For heavy spenders, a variant of this card, the Blue Cash Preferred® Card from American Express, may be a better bet, as it rewards at a rate of 6% on supermarket spending but comes with a $95 annual fee. Due to the annual fee, cardholders would only be better off with the Preferred variant if they spend more than $3,166 at U.S. supermarkets each year. At that point, the higher cash-back rate more than pays for the $95 annual fee.

Prospective applicants should be careful to note which purchases qualify. The card does not pay bonus rewards on warehouse club purchases, thus Sam's Club or Costco charges would only qualify for the standard 1% cash-back rate, not the bonus rewards for supermarket spending. Qualifying cardholders can get started quickly with a new cardholder bonus of $100 for spending $1,000 in the first three months after account opening. Rewards can be redeemed in amounts as low as $25. Learn more in our full review of Blue Cash Everyday® Card from American Express.

The simple choice for grocery rewards

Don't want to bother with bonus categories and limitations on cash-back bonuses? If so, the Citi® Double Cash Card may be the ideal card for you. This card offers a simple 2% cash-back program in which cardholders earn 1% cash back on purchases, plus 1% cash back when they pay off their balances.

The simplicity of its cash-back rewards program makes this card particularly attractive for people who would prefer to carry one good cash-back card that offers a high rewards rate on every dollar of spending. Generating and redeeming rewards with Citi® Double Cash Card is easy and predictable. The card carries a minimum redemption of $25, so cardholders will qualify for redemption after spending $1,250 and paying it off in full. Most cardholders should be able to reach the minimum redemption several times a year with normal spending patterns. Learn more in our full review of Citi® Double Cash Card.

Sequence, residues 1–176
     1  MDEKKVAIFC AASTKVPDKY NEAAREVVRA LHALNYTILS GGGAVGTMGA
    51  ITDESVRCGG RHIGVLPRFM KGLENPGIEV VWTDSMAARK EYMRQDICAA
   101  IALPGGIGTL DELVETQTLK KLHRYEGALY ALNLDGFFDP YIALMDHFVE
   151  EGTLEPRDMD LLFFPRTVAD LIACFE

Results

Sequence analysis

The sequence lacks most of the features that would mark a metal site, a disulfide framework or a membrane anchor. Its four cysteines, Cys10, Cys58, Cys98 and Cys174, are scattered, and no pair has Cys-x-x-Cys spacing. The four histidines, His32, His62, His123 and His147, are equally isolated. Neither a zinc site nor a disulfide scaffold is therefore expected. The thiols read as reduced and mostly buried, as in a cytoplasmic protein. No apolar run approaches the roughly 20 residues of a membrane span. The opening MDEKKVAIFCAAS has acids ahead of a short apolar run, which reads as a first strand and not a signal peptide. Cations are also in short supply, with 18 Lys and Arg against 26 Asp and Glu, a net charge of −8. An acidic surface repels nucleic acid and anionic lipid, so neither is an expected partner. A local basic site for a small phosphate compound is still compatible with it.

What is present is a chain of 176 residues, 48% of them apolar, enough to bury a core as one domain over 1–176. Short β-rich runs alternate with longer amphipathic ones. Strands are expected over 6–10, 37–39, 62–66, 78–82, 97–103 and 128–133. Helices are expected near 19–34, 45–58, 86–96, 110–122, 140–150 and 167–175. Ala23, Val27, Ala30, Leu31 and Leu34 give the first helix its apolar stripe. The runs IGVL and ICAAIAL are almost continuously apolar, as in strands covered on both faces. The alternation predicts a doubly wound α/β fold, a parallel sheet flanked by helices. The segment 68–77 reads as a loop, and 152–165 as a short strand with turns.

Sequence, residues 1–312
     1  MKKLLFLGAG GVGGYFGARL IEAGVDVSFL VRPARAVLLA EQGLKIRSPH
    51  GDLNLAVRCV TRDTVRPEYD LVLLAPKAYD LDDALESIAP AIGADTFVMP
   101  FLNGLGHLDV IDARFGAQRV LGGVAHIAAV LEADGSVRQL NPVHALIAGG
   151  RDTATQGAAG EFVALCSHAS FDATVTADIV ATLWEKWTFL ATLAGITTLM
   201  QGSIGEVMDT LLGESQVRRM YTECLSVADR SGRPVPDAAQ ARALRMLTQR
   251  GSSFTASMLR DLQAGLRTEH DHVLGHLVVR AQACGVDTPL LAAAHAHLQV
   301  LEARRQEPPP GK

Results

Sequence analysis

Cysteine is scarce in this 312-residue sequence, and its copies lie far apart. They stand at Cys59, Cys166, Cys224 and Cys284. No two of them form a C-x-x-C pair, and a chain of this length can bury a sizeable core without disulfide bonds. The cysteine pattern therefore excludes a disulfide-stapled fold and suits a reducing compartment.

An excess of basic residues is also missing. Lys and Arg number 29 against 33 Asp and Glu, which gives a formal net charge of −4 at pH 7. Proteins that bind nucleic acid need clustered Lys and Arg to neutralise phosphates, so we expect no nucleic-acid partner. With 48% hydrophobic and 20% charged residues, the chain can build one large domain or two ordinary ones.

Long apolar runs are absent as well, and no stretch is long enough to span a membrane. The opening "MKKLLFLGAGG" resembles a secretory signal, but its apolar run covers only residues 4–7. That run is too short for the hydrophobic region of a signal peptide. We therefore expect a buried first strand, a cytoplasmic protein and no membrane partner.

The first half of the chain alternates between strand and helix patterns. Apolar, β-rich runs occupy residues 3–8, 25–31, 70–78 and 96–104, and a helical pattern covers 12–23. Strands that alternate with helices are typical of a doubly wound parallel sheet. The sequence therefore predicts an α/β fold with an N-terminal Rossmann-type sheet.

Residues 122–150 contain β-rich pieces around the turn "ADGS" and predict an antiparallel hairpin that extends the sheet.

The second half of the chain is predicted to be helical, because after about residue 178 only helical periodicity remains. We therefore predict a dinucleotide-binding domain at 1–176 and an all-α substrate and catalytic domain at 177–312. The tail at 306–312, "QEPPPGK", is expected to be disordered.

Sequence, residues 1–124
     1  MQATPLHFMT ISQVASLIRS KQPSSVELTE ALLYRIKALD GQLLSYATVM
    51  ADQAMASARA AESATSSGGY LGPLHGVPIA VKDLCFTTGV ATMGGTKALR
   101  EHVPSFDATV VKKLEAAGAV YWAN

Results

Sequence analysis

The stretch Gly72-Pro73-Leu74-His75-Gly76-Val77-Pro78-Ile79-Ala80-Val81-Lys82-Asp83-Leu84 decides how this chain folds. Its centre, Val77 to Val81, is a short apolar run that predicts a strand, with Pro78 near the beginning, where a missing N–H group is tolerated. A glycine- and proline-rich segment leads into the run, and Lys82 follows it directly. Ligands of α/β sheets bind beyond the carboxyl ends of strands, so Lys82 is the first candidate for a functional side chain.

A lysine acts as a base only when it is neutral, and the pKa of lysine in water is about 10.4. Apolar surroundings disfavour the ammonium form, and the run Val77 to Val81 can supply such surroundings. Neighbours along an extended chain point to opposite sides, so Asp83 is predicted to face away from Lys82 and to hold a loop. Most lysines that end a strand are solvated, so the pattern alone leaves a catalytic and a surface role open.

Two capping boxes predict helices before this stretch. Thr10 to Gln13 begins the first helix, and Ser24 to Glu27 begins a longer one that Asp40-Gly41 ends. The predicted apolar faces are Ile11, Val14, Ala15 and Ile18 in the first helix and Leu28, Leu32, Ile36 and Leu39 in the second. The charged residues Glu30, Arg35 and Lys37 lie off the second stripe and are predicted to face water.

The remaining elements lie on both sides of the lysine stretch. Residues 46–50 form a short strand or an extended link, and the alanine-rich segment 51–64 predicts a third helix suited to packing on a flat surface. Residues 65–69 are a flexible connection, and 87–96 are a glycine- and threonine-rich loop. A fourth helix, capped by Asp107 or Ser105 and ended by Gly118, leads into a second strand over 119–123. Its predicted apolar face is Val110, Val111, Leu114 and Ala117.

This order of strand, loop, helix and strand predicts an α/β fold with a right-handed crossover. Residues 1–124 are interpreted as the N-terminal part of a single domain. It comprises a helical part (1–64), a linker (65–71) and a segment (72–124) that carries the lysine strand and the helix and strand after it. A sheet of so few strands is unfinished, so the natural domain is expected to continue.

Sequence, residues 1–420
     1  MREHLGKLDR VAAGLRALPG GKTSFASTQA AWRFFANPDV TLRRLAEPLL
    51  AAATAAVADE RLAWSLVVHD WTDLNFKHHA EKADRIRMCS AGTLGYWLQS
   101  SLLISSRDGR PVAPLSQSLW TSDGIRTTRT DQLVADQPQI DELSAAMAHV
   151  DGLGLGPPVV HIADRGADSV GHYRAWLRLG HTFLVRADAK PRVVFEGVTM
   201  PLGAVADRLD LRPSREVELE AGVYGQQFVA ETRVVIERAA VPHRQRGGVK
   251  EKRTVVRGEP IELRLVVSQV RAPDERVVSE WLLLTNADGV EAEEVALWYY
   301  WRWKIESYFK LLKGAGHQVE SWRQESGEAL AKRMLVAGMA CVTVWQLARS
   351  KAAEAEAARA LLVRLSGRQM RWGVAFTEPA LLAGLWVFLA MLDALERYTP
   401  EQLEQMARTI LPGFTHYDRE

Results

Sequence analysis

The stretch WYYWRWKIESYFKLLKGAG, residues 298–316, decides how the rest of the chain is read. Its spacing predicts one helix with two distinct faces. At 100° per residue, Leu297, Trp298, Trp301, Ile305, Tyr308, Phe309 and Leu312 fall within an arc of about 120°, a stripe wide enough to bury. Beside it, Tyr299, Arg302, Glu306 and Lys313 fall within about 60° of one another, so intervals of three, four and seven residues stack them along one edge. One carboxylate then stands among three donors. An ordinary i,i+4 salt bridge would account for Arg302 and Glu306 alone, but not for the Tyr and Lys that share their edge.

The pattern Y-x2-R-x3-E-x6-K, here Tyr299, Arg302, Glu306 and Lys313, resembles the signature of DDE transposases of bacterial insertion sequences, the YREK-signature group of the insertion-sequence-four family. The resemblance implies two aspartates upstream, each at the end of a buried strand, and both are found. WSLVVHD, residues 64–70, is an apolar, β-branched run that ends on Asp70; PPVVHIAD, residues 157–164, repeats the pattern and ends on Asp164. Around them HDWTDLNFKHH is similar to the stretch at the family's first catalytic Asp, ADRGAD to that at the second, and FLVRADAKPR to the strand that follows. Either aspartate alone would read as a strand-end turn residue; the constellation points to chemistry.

Why grocery cards?

We at believe grocery rewards credit cards are a great choice because they incentivize spending on needs, whereas many travel cards and other rewards cards incentivize wants -- luxurious spending on airfare, hotels, and top restaurants. Grocery-centric cards also tend to have low spending requirements to receive new cardholder bonuses, whereas many cards require as much as $4,000 of spending in just three short months to qualify.

Each of the three cards above have their own pros and cons, but one thing is clear: Families who spend heavily at the grocery store are missing out on hundreds of dollars in rewards each year if they're not using one of the cards above for their grocery purchases.

Jordan Wathen has no position in any stocks mentioned. The Motley Fool recommends American Express. The Motley Fool has a disclosure policy. The Motley Fool receives compensation from some advertisers who provide products and services that may be covered by our editorial team. It’s one way we make money. But know that our editorial integrity and transparency matters most and our ratings aren’t influenced by compensation. The statements above are The Motley Fool's alone and have not been provided or endorsed by bank advertisers. Review The Motley Fool’s ratings methodology to uncover how we pick the best credit cards.